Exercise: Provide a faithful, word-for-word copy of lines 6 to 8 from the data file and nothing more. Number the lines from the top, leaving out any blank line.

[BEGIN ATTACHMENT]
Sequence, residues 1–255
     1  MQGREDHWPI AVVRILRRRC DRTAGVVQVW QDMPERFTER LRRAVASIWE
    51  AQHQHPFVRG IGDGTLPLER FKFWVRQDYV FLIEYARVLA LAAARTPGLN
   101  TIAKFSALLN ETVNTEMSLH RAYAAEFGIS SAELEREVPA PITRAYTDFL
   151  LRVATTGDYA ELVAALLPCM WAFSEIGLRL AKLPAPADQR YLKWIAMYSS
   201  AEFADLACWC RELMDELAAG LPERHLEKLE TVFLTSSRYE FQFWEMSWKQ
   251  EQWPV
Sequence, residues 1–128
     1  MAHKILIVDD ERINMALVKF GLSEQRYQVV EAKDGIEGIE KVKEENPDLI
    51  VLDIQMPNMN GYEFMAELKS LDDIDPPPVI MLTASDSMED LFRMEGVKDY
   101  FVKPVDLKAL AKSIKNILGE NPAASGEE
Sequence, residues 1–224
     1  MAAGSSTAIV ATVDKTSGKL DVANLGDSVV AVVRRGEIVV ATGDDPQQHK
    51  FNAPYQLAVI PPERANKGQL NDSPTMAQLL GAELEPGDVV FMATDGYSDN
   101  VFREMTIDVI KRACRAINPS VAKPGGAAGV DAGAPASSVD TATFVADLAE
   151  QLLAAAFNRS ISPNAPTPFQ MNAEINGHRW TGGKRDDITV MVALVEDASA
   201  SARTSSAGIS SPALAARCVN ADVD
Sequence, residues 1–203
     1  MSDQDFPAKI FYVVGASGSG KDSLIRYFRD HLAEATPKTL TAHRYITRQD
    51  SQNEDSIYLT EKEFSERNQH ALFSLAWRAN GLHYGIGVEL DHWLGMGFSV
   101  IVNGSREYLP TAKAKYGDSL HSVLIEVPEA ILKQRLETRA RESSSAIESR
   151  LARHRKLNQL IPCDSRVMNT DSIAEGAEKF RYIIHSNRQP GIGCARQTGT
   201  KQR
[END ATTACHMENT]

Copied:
   201  AEFADLACWC RELMDELAAG LPERHLEKLE TVFLTSSRYE FQFWEMSWKQ
   251  EQWPV
Sequence, residues 1–128